As minimum wage rates rise across many cities and states, there is a renewed discussion around how such laws affect workers and businesses. Less often discussed, however, is the impact of such laws on nonprofit organizations — in particular organizations that employ low-wage workers to provide care or services to the most vulnerable residents in our community. The latest report from the Minimum Wage Study at the University of Washington, examines initial nonprofit responses to the local move to $15 an hour.
Many nonprofit organizations that provide child care, home health care, and senior services find their revenue streams shaped by forces outside their control: federal program budgets; reimbursement rates; decisions by charitable philanthropy and private donors. Although these kinds of nonprofits support the goal of a higher minimum wage, higher labor costs without easily manipulated revenue streams can create operational challenges.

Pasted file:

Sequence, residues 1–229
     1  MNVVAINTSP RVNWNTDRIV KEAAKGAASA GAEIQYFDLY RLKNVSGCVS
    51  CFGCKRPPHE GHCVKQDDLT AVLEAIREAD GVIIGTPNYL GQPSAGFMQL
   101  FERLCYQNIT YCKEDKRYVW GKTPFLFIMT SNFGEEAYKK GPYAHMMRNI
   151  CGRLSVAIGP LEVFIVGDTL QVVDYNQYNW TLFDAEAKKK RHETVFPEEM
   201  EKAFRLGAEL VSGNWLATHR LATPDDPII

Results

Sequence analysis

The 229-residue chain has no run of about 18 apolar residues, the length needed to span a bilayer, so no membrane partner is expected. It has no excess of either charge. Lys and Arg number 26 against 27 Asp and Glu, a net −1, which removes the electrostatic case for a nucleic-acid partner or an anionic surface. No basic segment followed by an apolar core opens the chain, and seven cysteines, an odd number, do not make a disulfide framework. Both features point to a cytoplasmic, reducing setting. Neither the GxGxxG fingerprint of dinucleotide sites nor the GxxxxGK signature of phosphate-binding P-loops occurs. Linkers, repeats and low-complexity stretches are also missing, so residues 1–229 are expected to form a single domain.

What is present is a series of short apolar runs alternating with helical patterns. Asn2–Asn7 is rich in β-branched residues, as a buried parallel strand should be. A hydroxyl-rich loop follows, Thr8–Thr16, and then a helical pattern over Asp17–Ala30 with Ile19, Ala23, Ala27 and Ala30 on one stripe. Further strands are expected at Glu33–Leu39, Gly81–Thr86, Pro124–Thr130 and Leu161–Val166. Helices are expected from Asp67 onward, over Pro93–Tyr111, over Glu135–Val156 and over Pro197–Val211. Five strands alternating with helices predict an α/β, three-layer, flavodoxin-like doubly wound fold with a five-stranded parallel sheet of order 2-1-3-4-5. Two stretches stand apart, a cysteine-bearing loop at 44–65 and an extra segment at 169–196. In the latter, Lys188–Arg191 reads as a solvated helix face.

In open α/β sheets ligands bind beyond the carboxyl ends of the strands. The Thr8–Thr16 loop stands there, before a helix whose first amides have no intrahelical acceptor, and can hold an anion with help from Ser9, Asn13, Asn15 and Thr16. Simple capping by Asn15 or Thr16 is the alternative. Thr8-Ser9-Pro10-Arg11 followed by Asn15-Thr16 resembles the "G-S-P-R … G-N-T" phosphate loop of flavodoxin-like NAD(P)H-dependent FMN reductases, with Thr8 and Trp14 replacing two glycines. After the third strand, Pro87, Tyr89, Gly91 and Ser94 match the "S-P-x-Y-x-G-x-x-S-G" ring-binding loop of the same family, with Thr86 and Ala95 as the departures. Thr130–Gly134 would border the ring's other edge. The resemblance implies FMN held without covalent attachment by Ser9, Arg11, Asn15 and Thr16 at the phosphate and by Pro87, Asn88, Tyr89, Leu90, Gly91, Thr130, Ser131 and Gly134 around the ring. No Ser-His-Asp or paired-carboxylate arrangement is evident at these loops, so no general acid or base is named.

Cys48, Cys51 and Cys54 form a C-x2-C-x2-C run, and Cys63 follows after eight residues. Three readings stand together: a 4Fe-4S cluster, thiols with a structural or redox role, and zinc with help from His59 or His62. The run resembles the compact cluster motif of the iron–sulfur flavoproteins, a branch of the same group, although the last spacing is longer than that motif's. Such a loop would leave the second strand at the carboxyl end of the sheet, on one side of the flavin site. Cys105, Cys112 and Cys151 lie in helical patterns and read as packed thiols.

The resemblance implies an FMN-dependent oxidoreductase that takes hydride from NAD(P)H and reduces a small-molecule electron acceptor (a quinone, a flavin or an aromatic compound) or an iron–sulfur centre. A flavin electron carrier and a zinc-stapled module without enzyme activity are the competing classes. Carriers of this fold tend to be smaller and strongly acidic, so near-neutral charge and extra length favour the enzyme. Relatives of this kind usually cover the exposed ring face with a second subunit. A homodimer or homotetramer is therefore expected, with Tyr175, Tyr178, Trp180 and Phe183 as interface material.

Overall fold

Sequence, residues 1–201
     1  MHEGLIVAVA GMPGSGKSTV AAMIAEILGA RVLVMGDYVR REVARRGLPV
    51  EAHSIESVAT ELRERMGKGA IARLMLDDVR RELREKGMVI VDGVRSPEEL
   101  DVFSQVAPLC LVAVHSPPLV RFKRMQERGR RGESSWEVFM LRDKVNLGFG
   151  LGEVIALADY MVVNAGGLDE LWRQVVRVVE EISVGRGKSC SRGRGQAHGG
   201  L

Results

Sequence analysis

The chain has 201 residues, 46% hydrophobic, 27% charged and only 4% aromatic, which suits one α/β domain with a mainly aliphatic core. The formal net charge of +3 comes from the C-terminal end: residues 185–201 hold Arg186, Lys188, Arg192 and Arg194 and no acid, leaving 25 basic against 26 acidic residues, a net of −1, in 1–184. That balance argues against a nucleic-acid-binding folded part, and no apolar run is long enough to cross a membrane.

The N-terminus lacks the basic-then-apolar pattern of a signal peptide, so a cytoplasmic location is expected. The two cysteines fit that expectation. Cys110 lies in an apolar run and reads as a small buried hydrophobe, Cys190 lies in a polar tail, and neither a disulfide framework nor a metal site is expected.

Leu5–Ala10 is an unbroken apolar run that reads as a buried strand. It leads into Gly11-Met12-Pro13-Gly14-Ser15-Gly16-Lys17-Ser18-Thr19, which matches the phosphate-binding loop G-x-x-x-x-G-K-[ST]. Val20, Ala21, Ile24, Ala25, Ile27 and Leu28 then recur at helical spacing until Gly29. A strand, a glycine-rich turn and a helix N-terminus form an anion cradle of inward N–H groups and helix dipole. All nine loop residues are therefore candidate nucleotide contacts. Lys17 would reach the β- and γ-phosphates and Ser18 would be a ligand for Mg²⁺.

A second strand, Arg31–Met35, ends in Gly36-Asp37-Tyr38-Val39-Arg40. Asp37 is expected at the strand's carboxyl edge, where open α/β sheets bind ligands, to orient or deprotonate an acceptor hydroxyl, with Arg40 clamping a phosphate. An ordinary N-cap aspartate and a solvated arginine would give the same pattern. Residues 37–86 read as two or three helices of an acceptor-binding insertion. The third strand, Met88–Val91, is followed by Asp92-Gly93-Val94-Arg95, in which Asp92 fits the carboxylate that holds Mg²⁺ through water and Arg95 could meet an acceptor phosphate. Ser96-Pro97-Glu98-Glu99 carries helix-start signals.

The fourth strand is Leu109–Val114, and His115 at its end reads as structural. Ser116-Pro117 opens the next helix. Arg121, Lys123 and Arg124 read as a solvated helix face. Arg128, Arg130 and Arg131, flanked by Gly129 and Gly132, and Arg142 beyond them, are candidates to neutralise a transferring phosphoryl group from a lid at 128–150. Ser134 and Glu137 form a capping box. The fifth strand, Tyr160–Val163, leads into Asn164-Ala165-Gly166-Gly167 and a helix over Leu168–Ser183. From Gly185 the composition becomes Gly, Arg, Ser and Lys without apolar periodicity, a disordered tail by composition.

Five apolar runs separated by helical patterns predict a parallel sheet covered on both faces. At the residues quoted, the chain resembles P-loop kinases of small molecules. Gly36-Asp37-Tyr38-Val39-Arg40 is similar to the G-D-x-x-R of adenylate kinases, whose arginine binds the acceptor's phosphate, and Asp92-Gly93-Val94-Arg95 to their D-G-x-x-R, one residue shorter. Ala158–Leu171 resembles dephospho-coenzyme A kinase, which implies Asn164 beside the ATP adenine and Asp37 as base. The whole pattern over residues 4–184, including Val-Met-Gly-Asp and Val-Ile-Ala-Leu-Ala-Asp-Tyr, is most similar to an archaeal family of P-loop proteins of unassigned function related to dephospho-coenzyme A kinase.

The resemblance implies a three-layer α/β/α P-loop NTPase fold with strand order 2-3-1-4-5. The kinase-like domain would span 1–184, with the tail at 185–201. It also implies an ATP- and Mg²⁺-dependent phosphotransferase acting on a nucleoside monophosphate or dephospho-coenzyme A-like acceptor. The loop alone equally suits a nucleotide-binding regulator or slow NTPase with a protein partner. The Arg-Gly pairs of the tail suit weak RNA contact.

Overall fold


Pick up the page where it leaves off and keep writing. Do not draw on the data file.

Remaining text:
Most Seattle nonprofits appear to have weathered the initial step-ups in the local minimum wage, but many organizations are just beginning to craft strategic responses. Nonprofits appear to be waiting to see longer‐term responses of the local labor market to the $15 an hour wage before making any significant decisions or changes. Nonprofits also are anxiously awaiting signals from the federal and state government about program funding in the coming year. Such uncertainties complicate any staffing and programmatic response that might be taken to cope with higher minimum wage rates.
Click here for the report on local nonprofit responses to the Seattle minimum wage ordinance from the Minimum Wage Study.